Republican fans will find Musk isn’t an ally on all of their pet issues. This week he said expanded immigration to the US, including from Mexico, is a “no-brainer.” Tesla will also support employees who need to travel for out-of-state health care, including abortions. Still, House Minority leader Kevin McCarthy called Musk “a good friend of mine” in a floor speech last fall. Committees connected to McCarthy have gotten $129,000 from Musk, more than any other politician.
Musk has pitched his bid for Twitter as one to protect free speech, and has said he will allow Trump back on the platform. The idea has delighted conservatives, with Senator Ted Cruz calling the deal “the most important development for free speech in decades.”
Owning Twitter would put Musk at the center of a policy fight over legal protections for online tech giants, known as Section 230. Critics have argued that courts construed the 1996 law too broadly, conferring sweeping immunity for tech companies over the content posted on their platforms. The political parties vastly differ on the problem and how to resolve it. Conservatives contend that the platforms censor right-wing voices — a view Musk has echoed — while Democrats say unfettered online discourse fuels hate speech.
Since agreeing to buy the social media platform, Musk has been on offense against Democrats, this week blasting them as “the party of division & hate” and criticizing Biden’s administration as one that “doesn’t seem to get a lot done.”
Biden has generally tried to steer clear of feuding with Musk, though a White House spokesman said Friday, “count us as unsurprised that an anti-labor billionaire would look for any opportunity to nip at the heels of the most pro-union and pro-worker President in modern history.”
In February, California’s Department of Fair Employment and Housing took the rare step of suing Tesla, saying it “found evidence that Tesla operates a racially segregated workplace where Black workers are subjected to racial slurs and discriminated against in job assignments, discipline, pay, and promotion.” The federal Equal Employment Opportunity Commission is also investigating. Those labor issues were part of why Tesla was booted from the ESG version of the S&P 500 Index — a move that Musk blasted as “a clear case of wacktivism.”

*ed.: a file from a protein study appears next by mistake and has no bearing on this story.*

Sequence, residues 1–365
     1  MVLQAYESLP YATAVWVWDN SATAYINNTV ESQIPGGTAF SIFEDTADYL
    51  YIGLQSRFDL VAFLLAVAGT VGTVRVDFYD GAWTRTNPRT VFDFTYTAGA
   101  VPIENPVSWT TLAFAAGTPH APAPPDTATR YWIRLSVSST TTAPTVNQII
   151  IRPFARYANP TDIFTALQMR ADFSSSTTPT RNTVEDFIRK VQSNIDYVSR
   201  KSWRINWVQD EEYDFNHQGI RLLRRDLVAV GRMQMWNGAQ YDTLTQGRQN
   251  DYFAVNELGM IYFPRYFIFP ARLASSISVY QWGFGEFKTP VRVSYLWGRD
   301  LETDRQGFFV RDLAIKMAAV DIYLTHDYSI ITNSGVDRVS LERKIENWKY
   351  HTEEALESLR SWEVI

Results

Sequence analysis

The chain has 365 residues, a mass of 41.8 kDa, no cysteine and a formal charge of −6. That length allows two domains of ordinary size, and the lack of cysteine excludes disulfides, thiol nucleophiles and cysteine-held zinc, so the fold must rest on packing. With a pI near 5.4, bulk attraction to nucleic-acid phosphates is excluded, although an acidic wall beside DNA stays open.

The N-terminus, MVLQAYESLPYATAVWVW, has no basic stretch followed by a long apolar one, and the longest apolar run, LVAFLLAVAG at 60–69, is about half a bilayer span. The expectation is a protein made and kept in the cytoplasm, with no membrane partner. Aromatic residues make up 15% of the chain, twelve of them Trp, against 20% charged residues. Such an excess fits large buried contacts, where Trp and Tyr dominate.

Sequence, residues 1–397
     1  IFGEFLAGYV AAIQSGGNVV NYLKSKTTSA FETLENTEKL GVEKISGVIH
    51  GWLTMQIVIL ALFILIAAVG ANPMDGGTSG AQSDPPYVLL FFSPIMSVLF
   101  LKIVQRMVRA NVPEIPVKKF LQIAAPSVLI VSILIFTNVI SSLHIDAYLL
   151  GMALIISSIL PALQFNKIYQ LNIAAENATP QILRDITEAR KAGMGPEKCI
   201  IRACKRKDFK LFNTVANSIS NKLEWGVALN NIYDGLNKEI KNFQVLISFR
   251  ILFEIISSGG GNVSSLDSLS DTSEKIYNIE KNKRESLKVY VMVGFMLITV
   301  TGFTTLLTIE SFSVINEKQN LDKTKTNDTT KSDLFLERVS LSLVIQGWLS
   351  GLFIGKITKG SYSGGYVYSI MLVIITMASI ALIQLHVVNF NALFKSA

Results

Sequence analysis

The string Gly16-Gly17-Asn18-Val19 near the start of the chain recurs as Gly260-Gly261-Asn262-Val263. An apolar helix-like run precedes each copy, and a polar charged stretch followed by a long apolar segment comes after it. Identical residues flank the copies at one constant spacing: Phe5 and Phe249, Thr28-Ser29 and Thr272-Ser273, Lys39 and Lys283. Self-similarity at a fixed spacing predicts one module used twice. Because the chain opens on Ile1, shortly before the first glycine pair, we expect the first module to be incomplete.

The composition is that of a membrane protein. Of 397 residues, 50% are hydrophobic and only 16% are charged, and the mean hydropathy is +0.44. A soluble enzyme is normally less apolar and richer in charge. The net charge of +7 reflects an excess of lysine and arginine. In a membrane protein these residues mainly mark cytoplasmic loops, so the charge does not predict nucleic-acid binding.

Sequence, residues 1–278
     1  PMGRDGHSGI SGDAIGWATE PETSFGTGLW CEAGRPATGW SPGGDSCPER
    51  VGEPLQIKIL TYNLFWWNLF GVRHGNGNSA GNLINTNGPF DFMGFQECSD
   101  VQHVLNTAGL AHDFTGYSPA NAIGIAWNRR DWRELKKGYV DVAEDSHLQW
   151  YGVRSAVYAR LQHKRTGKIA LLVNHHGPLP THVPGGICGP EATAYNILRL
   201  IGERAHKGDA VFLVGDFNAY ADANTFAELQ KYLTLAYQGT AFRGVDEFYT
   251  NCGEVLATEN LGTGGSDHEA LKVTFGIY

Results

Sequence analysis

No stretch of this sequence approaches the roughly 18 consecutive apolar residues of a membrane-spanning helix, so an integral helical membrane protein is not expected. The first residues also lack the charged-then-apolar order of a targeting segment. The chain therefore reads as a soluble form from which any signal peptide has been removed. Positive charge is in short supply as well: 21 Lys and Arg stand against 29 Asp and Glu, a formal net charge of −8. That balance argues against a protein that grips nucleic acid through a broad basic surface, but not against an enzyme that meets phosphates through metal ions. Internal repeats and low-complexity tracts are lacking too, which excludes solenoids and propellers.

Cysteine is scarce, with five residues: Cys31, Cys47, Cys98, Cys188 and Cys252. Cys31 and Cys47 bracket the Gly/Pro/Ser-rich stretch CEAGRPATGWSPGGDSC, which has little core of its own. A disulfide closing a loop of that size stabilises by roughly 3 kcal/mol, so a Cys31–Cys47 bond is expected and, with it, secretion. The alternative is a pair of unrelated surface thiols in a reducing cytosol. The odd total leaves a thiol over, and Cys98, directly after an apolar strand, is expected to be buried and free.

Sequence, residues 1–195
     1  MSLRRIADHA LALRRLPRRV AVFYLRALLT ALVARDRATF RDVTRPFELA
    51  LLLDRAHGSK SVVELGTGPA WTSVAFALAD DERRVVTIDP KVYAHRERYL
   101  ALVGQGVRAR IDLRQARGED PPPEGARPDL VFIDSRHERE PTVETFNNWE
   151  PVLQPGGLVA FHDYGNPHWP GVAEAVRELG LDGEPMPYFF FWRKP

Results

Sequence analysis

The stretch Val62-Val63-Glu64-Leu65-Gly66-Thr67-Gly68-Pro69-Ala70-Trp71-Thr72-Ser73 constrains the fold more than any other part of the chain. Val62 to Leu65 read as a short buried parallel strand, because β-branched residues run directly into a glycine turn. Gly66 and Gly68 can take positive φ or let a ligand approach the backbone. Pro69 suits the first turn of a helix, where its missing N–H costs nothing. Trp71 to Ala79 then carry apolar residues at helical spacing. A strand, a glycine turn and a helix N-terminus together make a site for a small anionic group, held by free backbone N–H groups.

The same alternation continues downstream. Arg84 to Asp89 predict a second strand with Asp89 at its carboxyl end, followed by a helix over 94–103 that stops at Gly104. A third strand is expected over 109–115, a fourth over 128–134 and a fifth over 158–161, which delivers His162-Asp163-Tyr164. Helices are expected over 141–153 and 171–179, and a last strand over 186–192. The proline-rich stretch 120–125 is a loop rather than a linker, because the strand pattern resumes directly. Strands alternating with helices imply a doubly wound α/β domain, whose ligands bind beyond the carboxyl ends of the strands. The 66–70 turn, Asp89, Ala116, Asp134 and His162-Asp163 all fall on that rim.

Unlike legacy automakers, Tesla’s factories are non-union. Biden is a staunch union advocate, a view that has long cast a pall over his view of Tesla. Musk has balked at Biden’s proposed subsidies for union-made US electric vehicles — the measure, made in a policy proposal that has since collapsed, would have offered subsidies of up to $12,000, but the labor provision would have excluded Tesla.
“In the case of Biden, he’s simply too much captured by the unions, which was not the case with Obama,” Musk said at a conference in Miami on Monday.
Musk has angrily rebutted a report that SpaceX paid $250,000 to settle a sexual harassment claim in 2016. He said the accusations are “utterly untrue” and called the article a “hit piece” designed to interfere with his Twitter acquisition.
And though he tweeted in September that “I would prefer to stay out of politics,” he’s now taken a page from Trump’s playbook, portraying himself as a victim of partisan smears. BLoomberg